21 Organisms that can t synthetize their own food consumers How do they obtain Energy? **1) Cellular Respiration- organisms that can t produce their own food will eat the photosynthetic organisms and break this food in the presence of oxygen, producing E and carbon dioxide.

22 Organisms that can t synthetize their own food consumers **2) Fermentation - the chemical breakdown of a substance by bacteria, yeasts, or other microorganisms producing carbon dioxide and energy. **Used by microorganisms when oxygen is not available. The process of fermentation is involved in the making of beer, wine, and liquor, in which sugars are converted to ethyl alcohol.

23 7- Why do Living Things Reproduce? All living things reproduce, to make more of their own kind. *The main goal of any living organism is to reproduce to guarantee the survival of the species

24 8 - What do living things need to survive? 1) a place to live with enough space to grow 2) water needed for many basic cell functions 3) Food give them energy All living organisms need proteins, minerals, vitamins, carbohydrates ( sugars) and fat to survive and organisms take in these materials when they eat.

25 **What differentiates plants from animals? Plants can make their own food and animals can t Plants take in carbon dioxide and release oxygen, animals do the opposite Animals can move and plants can t Unlike animals, plants have little to none ability to sense Plant and animal cells are different

26 Table of Contents Chapter 8: Life's Structure and Classification Section 3: Cell Structure a) The Cell Theory b) Cellular organization

27 a) The Cell Theory:

28 Viewing Cells Microscope allowed us to understand that we are all made of cells Dutch man created the first microscope Antoine van Leeuwenhoek Improved the microscope allowing the development of the cell theory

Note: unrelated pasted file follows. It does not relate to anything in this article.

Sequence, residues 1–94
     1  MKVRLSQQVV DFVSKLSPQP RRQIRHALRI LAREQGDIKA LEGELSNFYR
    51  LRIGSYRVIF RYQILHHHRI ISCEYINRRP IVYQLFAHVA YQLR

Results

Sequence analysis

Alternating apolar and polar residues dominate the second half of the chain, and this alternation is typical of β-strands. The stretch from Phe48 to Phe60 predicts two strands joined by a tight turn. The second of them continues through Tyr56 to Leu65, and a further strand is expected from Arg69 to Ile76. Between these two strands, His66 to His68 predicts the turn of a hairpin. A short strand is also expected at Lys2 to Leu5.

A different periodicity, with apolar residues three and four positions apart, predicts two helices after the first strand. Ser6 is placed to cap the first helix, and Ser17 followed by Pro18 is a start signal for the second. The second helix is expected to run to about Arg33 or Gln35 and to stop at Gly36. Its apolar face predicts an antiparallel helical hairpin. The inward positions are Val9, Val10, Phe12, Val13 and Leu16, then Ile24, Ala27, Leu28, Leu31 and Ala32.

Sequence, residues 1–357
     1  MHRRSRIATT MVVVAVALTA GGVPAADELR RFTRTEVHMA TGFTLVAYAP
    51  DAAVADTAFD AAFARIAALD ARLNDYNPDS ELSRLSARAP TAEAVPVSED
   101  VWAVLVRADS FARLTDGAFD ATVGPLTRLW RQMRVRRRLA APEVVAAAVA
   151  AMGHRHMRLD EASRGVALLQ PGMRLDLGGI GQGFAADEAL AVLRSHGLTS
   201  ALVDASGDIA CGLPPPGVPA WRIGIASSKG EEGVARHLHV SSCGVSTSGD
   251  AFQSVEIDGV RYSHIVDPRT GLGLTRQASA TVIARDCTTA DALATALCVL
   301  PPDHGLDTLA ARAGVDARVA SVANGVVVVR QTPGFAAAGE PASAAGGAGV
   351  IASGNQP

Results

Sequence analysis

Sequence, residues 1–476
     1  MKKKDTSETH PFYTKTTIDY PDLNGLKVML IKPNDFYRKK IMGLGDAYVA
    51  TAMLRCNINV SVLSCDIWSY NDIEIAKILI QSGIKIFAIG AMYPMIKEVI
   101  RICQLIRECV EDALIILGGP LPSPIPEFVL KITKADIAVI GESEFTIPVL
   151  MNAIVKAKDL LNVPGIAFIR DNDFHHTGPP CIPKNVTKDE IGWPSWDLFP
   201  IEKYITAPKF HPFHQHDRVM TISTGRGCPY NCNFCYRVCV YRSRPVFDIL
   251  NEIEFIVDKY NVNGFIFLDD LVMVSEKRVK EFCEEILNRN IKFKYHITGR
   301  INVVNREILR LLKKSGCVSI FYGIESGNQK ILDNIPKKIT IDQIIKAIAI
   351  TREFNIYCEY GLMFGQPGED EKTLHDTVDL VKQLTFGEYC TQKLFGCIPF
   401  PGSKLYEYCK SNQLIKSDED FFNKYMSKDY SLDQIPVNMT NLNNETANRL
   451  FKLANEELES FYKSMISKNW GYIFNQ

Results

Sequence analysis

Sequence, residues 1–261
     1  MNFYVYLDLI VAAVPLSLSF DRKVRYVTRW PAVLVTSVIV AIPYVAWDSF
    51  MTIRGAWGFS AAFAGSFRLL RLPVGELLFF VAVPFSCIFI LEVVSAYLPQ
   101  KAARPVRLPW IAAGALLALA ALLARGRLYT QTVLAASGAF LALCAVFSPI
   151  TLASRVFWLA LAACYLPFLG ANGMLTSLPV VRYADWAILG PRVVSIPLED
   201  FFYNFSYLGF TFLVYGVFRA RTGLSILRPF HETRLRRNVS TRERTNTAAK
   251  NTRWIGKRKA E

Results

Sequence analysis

29 Antoine van Leeuwenhoek s microscope

30 Compound Microscope Compound more than one lens Uses light that shines through the specimen, lens will magnify the image

31 The Cell Theory: describes the existence of cells in organisms There are important events that led to the cell theory

32 I Robert Hooke Looked at cork under a microscope He saw a lot of empty little boxes He named this little boxes cells.

33 Cork or Bark is the external layer of stems and roots of woody plants

34 Cork Cells

35 II- Matthias Schleiden In the 1830s, Matthias Schleiden used a microscope to study plant parts. He concluded that all plants are made of cells.

36 III- Theodor Schwann Observing different animal cells Concluded that all animals also are made up of cells.

37 IV Virchow Several years later, Rudolf Virchow hypothesized that cells divide to form new cells.

38 ** Summary of the cell theory.

39 Looking at Cork Cells

40 Cellular Organization Definition of cell: **Cells are known as the building blocks of life

41 **2nd definition : smallest unit of an organism that can carry on life functions **Like all living organisms, cells must constantly take in nutrients, store, produce, breakdown substances, take in and use energy. These are the basic functions that will maintain any organism and any cell alive.

42 **Cellular Organization is necessary to perform life functions Cells are internally organized and all the functions that organisms perform to survive, are also performed, at a cellular level respiration, digestion, elimination of waste materials.

43 **In our bodies, we have organs and systems that are responsible for these functions. ** The cells have organelles that will perform these functions.

44 ** Cellular Organization Cells have internal compartments, surrounded by membrane, called organelles. Each organelle has a specific function.

45 Prokaryotic x Eukaryotic Cell

46 3 Cell Structure Prokaryotic and Eukaryotic cells. Cells without membrane-bound structures are called prokaryotic cells. ( no nucleus, no organelles, DNA floating in the cytoplasm)

47 3 Cell Structure Cells with membrane-bound structures ( or organelles) are called Eukaryotic cells. The DNA or genetic material is inside the nucleus

48 Cell Wall Cell walls are tough, rigid outer coverings that protect cells and give them shape. Plants, Algae, Fungi, and most Bacteria are enclosed in a cell wall. A plant cell wall is mostly made up of a carbohydrate called cellulose.